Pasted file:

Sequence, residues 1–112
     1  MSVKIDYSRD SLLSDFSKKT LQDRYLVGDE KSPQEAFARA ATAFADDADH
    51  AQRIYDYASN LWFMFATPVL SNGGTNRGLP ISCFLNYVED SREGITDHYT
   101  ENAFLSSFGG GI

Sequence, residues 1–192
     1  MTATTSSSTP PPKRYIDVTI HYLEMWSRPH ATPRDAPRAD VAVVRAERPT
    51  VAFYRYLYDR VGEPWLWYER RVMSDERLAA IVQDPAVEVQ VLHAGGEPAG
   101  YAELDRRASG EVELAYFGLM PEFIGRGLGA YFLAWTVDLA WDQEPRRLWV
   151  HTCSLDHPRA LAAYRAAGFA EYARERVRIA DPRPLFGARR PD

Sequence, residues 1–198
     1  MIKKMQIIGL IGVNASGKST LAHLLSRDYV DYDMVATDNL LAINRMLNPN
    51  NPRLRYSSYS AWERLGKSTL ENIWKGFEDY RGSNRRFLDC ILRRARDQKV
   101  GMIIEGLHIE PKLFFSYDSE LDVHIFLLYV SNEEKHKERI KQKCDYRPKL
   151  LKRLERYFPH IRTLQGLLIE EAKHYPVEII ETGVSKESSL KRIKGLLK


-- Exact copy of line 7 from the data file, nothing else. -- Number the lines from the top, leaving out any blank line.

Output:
    51  VAFYRYLYDR VGEPWLWYER RVMSDERLAA IVQDPAVEVQ VLHAGGEPAG